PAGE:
in a word, when the cost of development does not match with the profit earning, nobody like to spend their funding. When companies realize their environment can not protect them, they even select bankrupt Therefore, if US can not resolve the problems of internet piracy, the international patent copy....this country will sooner lose their product competition, their companies will go bankrupt, their employee will lose their positions, whole nation will lost income...

Featured Videos

Your JavaScript is turned off or you have an old version of Adobe's Flash Player. Get the latest Flash player.
Fears Ebola Outbreak ‘Beyond Our Capability to Contain’i
X
Jeff Seldin
September 20, 2014 10:28 PM
Each day brings with it new warnings about the deadly Ebola outbreak already blamed for killing more than 2,600 people across West Africa. And while countries and international organizations like the United Nations are starting to come through on promises of help for those most affected, the unprecedented speed with which the virus has spread is raising questions about the international response. VOA's Jeff Seldin has more from Washington.
Video

Video Fears Ebola Outbreak ‘Beyond Our Capability to Contain’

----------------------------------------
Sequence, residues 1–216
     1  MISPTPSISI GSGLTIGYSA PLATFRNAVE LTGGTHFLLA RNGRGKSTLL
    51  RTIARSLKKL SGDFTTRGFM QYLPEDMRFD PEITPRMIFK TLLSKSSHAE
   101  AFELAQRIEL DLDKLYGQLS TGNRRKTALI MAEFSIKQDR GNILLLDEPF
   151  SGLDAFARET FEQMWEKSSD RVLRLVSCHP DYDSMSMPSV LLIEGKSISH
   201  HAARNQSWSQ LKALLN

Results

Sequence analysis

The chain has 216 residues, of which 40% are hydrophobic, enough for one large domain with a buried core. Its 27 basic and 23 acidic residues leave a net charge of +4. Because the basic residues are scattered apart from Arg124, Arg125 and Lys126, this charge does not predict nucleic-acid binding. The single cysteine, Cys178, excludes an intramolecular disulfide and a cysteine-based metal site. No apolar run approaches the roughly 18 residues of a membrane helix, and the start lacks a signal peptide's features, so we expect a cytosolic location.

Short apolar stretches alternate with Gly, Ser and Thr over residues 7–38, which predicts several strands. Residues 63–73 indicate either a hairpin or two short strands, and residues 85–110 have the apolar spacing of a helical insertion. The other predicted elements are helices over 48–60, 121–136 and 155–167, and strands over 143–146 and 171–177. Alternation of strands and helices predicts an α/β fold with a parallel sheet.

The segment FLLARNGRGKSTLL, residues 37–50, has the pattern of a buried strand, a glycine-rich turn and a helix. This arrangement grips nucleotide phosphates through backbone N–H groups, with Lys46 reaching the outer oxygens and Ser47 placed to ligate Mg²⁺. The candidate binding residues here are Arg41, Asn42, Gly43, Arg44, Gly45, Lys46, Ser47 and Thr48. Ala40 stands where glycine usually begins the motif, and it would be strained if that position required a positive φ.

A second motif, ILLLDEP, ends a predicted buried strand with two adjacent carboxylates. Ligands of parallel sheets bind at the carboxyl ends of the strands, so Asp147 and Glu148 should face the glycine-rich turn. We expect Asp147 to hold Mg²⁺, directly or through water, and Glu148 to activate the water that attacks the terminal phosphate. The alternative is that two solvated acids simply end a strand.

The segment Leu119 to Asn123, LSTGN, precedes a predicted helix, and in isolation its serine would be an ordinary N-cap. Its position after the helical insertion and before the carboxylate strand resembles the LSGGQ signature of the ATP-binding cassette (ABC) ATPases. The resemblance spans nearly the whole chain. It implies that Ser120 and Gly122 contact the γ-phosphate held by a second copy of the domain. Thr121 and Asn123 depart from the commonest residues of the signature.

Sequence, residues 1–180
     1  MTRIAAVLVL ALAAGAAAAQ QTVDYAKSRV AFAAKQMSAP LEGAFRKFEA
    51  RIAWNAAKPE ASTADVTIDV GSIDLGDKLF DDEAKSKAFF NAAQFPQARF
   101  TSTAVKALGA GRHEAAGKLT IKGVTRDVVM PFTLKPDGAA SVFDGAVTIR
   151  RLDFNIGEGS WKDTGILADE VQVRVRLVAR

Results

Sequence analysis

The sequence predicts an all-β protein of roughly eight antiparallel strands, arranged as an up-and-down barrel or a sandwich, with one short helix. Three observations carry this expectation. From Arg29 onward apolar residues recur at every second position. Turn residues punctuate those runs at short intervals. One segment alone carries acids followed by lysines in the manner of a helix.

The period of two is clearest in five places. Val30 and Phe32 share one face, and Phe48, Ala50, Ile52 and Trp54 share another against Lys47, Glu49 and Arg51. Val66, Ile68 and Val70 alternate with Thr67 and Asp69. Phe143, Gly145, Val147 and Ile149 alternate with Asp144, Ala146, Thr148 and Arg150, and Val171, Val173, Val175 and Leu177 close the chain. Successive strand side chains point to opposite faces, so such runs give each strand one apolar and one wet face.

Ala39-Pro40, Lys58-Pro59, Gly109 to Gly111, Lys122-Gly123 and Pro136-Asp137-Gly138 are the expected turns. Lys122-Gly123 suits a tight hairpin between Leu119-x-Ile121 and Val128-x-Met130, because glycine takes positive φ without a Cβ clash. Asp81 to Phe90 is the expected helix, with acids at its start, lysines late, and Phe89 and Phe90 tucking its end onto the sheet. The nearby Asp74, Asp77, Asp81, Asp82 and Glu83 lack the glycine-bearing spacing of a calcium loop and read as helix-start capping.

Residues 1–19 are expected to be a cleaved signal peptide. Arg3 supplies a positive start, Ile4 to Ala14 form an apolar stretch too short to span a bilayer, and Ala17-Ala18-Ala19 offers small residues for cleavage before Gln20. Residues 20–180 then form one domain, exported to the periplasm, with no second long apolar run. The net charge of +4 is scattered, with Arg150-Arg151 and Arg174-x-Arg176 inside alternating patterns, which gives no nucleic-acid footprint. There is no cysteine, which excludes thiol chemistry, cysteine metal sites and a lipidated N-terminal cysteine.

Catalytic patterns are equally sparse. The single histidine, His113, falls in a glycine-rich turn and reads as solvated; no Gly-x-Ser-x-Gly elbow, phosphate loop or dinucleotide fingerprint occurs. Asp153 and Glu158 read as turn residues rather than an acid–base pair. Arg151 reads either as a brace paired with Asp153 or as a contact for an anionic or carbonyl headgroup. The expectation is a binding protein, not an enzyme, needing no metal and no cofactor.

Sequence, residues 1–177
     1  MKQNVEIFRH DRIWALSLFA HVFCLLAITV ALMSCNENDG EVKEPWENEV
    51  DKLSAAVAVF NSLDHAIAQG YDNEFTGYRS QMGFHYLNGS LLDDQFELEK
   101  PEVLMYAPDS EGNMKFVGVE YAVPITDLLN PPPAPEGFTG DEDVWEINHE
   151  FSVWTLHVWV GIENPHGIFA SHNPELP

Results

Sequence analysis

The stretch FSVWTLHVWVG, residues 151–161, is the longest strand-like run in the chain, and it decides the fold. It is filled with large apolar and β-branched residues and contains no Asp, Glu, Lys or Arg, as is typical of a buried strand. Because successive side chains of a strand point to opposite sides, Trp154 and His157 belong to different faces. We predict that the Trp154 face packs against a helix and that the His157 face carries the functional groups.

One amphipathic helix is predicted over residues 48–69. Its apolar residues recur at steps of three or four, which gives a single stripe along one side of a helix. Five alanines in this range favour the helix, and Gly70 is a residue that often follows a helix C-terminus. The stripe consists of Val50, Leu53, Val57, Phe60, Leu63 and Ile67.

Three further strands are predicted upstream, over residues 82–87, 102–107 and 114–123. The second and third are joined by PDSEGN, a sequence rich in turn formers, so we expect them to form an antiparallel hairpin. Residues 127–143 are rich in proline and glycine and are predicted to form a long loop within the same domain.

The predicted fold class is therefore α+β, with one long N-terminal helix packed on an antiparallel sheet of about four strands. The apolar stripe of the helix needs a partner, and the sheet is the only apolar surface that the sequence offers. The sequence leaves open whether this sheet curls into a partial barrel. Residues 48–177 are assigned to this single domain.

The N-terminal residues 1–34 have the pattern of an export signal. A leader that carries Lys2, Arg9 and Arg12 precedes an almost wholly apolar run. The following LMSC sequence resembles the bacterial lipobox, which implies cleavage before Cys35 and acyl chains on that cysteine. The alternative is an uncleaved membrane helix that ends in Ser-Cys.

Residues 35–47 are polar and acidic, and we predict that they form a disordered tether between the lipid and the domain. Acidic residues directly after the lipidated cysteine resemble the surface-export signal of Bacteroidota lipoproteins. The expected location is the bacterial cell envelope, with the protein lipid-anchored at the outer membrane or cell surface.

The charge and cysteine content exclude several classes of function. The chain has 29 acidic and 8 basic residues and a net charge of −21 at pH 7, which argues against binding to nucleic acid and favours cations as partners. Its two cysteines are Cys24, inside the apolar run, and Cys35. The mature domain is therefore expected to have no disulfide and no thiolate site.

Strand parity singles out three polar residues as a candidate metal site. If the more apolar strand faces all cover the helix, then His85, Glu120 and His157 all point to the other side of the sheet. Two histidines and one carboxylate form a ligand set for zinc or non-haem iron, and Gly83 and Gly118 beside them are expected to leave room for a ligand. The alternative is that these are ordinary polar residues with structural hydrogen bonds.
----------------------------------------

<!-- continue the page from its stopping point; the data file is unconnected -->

Each day brings with it new warnings about the deadly Ebola outbreak already blamed for killing more than 2,600 people across West Africa. And while countries and international organizations like the United Nations are starting to come through on promises of help for those most affected, the unprecedented speed with which the virus has spread is raising questions about the international response. VOA's Jeff Seldin has more from Washington.
Video

Video Iran, World Powers Seek Progress in Nuclear Talks

Iran and the five permanent members of the U.N. Security Council plus Germany, known as the P5 + 1, have started a new round of talks on Iran's nuclear program. VOA State Department correspondent Pam Dockins reports that as the negotiations take place in New York, a U.S. envoy is questioning Iran's commitment to peaceful nuclear activity.
Video

Video Obama Goes to UN With Islamic State, Ebola on Agenda

President Obama goes to the United Nations General Assembly to rally nations to support a coalition against Islamic State militants in Iraq and Syria. He also will look for nations to back his plan to fight the Ebola virus in West Africa. As VOA White House correspondent Luis Ramirez reports, Obama’s efforts reflect new moves by the U.S. administration to take a leading role in addressing world crises.
Video